It’s no secret I have my share of demons, but I’ve always shared them publicly, (whether you wanted to know or not; if you don’t, go start your own blog and stop reading mine).
Some people have been sober for 10 years.
Some are straight out of the detox ward upstairs.
I’m somewhere in between.
But I value this community of lawyers, doctors, vets – both the military and animal kind – financial planners and people who just got lost along the way.
When Bill Leiss asked me to write a second edition of my first book, Mad Cows and Mothers Milk, I quoted a Neil Young line: “Heart of Gold put me in the middle of the road. Traveling there soon became a bore so I headed for the ditch.”
The ditch trilogy stands up strong 45 years later, and was featured during Neil’s solo show in Omemee, Ontario (that’s in Canada) a few weeks ago.
To add insult to injury, his next studio recording was the harrowing “Tonight’s The Night”, though with a perversity that was becoming typical of him the latter wasn’t released until after the subsequently-cut “On The Beach”. Both albums stand up strongly to this day. Both use the rock format as a means of redemption and rejuvenation, the very act of recording (no overdubs) serving as therapy. “Tonight’s The Night” and “On The Beach” were pretty free records,” Young pondered, lighting another unfiltered Pall Mall.
“I was pretty down I guess at the time, but I just did what I wanted to do, at that time. I think if everybody looks back at their own lives they’ll realise that they went through something like that. There’s periods of depression, periods of elation, optimism and scepticism, the whole thing is…. it just keeps coming in waves.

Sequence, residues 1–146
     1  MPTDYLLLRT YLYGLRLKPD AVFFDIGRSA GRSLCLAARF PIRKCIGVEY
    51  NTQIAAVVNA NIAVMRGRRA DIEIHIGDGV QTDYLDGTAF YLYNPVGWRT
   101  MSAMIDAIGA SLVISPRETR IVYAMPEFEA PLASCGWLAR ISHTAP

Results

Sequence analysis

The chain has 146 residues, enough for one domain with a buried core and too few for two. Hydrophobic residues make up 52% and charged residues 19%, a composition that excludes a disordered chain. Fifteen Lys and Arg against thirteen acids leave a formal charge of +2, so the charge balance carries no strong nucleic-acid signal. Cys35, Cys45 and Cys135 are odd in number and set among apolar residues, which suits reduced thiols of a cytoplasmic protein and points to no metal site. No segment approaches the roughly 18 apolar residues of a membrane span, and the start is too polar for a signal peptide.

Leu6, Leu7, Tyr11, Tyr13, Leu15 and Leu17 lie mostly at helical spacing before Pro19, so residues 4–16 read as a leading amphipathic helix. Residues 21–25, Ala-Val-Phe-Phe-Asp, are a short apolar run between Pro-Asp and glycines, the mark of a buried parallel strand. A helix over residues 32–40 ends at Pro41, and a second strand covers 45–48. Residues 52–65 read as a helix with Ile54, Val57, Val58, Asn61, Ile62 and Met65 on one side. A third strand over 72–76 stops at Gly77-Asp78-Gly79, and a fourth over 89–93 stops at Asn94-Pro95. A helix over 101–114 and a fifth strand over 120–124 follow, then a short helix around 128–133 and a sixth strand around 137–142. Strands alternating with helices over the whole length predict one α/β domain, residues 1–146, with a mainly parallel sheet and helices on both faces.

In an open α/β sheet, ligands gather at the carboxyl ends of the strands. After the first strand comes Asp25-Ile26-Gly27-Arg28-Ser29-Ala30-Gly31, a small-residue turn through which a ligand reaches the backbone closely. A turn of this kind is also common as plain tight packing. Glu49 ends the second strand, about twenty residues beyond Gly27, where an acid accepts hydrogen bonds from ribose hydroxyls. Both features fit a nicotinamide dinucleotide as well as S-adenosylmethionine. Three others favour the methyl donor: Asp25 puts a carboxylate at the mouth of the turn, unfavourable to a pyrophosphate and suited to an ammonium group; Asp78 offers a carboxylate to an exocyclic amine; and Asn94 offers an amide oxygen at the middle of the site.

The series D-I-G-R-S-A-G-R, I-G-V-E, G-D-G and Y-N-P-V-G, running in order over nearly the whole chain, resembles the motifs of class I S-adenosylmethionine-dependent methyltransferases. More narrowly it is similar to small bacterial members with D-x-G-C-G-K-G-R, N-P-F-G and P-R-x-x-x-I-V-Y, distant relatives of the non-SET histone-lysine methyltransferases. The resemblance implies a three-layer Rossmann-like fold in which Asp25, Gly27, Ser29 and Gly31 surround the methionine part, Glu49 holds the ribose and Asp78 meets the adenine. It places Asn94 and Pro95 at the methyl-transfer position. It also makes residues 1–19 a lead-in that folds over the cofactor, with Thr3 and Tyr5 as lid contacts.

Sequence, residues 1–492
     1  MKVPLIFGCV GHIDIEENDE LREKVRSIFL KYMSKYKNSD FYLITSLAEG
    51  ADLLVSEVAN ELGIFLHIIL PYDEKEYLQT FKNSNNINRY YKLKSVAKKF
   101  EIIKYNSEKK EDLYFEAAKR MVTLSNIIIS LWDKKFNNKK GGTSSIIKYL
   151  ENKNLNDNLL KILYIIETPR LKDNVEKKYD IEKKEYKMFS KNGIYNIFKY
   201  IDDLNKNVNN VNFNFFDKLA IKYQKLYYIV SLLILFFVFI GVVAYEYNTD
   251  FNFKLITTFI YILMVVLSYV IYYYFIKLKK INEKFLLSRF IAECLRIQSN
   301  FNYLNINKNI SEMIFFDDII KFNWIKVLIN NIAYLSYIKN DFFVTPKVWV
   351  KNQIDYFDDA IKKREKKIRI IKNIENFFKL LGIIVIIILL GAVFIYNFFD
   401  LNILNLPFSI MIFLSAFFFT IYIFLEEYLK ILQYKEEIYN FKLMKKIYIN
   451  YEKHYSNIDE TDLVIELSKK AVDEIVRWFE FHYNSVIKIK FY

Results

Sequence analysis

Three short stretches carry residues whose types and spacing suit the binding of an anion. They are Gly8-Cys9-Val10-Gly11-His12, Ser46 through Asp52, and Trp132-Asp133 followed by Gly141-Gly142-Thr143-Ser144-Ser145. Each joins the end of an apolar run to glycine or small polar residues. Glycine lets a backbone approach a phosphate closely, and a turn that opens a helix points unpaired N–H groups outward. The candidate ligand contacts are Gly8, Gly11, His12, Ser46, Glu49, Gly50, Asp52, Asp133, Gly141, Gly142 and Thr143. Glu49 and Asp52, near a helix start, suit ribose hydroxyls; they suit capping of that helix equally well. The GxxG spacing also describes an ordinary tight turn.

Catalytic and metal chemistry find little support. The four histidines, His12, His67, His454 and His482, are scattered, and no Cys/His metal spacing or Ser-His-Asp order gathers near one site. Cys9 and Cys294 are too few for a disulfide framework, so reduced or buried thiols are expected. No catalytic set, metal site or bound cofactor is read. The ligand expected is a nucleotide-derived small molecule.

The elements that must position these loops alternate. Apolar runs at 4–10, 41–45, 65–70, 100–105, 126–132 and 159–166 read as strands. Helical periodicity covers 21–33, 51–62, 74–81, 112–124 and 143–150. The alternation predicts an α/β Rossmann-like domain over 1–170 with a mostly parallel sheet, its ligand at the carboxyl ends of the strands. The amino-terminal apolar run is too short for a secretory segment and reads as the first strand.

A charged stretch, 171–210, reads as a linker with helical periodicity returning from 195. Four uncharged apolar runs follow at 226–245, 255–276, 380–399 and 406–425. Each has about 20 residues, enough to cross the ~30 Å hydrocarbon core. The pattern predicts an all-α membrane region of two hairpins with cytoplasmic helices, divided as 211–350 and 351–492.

You go down to the beach and watch the same thing, just imagine every wave is a different set of emotions coming in. Just keep coming. As long as you don’t ignore it, it’ll still be there. If you start shutting yourself off and not letting yourself live through the things that are coming through you, I think that’s when people start getting old really fast, that’s when they really age.
‘Cause they decide that, they’re happy to be what they were at a certain time in their lives when they were the happiest, and they say ‘that’s where I’m gonna be for the rest of my life’. From that minute on they’re dead, y’know, just walking around. I try to avoid that.”
I can’t swim, but the quote above encapsulates why I like being near the beach.
No change, though the hospital is serving an immunocompromised population.
As Ellen W. Evans, junior research fellow, Cardiff Metropolitan University, writes in The Conversation, chemotherapy treatment can reduce immune function and the body’s ability to defend against opportunistic pathogens. It is well documented that people undergoing chemotherapy are at an increased risk of infection, including those transmitted via food.
This is not just about suffering through a tummy bug. People who are already undergoing the gruelling side effects of chemotherapy can be made seriously ill simply because the food they are eating isn’t being handled properly at home. Added to that is the fact that foodborne infection could cause delays in treatment, and potentially increase patient mortality.
But the problem is not down to patients’ laziness. In our newly published research, we have found that they are not being given consistent information, nor do they recognise the serious risks that food can pose.
In our study, we investigated the availability and adequacy of food safety information available to UK cancer patients. We looked at online food-related resources, and conducted in-depth interviews with patients and their families on their food experiences during chemotherapy treatment.